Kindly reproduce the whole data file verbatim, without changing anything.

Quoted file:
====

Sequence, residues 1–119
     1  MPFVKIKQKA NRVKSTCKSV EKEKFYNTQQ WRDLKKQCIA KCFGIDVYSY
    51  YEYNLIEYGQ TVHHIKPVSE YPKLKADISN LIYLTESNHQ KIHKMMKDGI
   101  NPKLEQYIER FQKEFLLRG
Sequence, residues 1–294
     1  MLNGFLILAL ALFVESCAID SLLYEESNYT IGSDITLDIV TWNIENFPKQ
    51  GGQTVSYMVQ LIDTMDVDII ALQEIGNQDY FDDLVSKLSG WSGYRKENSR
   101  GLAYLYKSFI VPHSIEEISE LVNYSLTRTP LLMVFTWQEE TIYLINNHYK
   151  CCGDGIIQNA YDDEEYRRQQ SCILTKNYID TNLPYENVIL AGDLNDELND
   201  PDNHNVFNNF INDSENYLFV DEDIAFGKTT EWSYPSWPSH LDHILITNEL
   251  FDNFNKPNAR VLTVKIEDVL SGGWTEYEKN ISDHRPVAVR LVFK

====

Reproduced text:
Sequence, residues 1–119
     1  MPFVKIKQKA NRVKSTCKSV EKEKFYNTQQ WRDLKKQCIA KCFGIDVYSY
    51  YEYNLIEYGQ TVHHIKPVSE YPKLKADISN LIYLTESNHQ KIHKMMKDGI
   101  NPKLEQYIER FQKEFLLRG
Sequence, residues 1–294
     1  MLNGFLILAL ALFVESCAID SLLYEESNYT IGSDITLDIV TWNIENFPKQ
    51  GGQTVSYMVQ LIDTMDVDII ALQEIGNQDY FDDLVSKLSG WSGYRKENSR
   101  GLAYLYKSFI VPHSIEEISE LVNYSLTRTP LLMVFTWQEE TIYLINNHYK
   151  CCGDGIIQNA YDDEEYRRQQ SCILTKNYID TNLPYENVIL AGDLNDELND
   201  PDNHNVFNNF INDSENYLFV DEDIAFGKTT EWSYPSWPSH LDHILITNEL
   251  FDNFNKPNAR VLTVKIEDVL SGGWTEYEKN ISDHRPVAVR LVFK